Oregon standoff negotiations stumble as occupation leader questions FBI authority – OregonLive.com
BURNS – Negotiations to end the occupation of the Malheur National Wildlife Refuge went awry Friday, as protest leader Ammon Bundy questioned the FBI’s legal authority to even be in Harney County.
The next step toward resolving the 3-week-old standoff isn’t clear.
The hang-up appears to be Bundy’s belief that FBI agents have no standing to deal with the refuge takeover unless they’re deputized by Harney County Sheriff Dave Ward.
Militiamen and self-styled patriots contend that under the U.S. Constitution, the sheriff is the highest law enforcement power in the county. The word “sheriff,” however, doesn’t appear in the Constitution.
That didn’t stop Bundy from arriving at the Harney County Courthouse to talk to Ward. Instead, he was left to talk at a security checkpoint with Ward’s No. 2, Lt. Brian Needham, who was accompanied by Malheur County Sheriff Brian Wolfe.
Bundy, speaking with an intensity unusual given his typical mild demeanor, insisted on knowing if the FBI had gotten permission to operate in the county. He kept pressing when the sheriff’s lieutenant said local and federal authorities were working together.
When Needham said the FBI did have the sheriff’s authority, Bundy demanded to see it in writing. He was told no.
A taut-faced Bundy walked away from the encounter and uncharacteristically snapped at a reporter’s question: “Don’t put words in my mouth.”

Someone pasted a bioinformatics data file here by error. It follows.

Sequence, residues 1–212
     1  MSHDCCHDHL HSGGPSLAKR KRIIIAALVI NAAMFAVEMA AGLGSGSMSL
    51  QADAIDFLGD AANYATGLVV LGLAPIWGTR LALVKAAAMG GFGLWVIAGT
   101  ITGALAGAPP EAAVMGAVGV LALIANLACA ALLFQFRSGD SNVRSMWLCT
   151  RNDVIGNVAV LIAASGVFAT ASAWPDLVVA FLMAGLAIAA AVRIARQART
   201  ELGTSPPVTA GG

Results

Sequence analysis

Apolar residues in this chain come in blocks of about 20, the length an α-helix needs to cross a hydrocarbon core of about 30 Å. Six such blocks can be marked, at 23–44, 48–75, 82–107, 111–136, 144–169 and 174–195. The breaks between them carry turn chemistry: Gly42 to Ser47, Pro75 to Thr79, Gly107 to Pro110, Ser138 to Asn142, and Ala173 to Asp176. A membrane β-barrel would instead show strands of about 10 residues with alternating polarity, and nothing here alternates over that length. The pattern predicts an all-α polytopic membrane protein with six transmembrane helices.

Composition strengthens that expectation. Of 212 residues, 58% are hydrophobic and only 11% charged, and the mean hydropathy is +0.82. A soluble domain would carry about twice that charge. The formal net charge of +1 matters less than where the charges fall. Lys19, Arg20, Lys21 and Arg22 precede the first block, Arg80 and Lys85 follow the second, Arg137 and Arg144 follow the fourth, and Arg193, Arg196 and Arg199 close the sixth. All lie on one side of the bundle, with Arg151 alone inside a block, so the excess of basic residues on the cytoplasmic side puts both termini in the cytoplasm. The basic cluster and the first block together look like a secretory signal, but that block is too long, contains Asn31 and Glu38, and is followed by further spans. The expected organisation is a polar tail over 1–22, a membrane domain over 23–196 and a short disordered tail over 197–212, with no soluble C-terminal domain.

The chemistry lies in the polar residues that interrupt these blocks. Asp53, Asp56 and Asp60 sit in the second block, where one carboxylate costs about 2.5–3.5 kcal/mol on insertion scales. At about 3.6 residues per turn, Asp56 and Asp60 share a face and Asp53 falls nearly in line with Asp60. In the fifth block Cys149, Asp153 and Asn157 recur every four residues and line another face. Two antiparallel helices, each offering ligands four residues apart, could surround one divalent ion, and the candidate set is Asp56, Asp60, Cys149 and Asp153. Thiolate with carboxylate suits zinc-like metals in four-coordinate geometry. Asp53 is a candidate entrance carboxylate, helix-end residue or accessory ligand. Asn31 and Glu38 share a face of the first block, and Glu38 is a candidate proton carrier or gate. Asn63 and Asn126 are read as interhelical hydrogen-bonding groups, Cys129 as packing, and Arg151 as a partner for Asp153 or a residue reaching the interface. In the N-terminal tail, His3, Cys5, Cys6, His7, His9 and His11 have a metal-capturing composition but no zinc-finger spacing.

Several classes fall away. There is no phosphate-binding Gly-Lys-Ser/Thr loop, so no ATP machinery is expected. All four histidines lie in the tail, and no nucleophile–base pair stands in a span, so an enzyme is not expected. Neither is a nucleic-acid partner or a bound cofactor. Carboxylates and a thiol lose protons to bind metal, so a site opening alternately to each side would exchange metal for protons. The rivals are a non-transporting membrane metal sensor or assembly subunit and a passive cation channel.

Asked what his next steps would be, he said he was going back to the refuge to work.
Bundy and a group of about 20 others occupied the headquarters of the bird sanctuary on Jan. 2 and so far have refused to leave, saying they want federal land turned over to county control and the release of two imprisoned local ranchers. Operated by the U.S. Fish & Wildlife Service, the reserve covers 187,757 acres of wildlife habitat.
The episode marked a departure from Thursday’s scene, when Bundy spent nearly an hour talking to an FBI negotiator by phone. The two had agreed to talk again Friday, and Bundy once again showed up at the Burns Municipal Airport, hoping to meet face-to-face with a negotiator who identified himself only as “Chris.”
Bundy’s visit this time lasted no more than five minutes before he and several carloads of accompanying militants headed to town for the courthouse.
Bundy and his group have been focused on Ward since before the occupation. They originally sought his help to shield ranchers Dwight Hammond Jr. and his son, Steven, from surrendering earlier this month for federal prison terms. The two were convicted of federal arson charges in 2012 related to range fires they started on the sage lands south of Burns.
Ward refused to intercede and has repeatedly urged Bundy and his followers to break camp and go home.
In some militia circles, the sheriff is viewed as the highest legal authority in a county. The Anti-Defamation League said in its online analysis of that view that a sheriff’s “most important role was to protect the people from the unlawful acts of officials of governments like judges and government agents.”
The Anti-Defamation League said “sovereign citizens” who believe in the power of the sheriff also believe they can punish a sheriff for failing his duty. That included the “right to hang him.”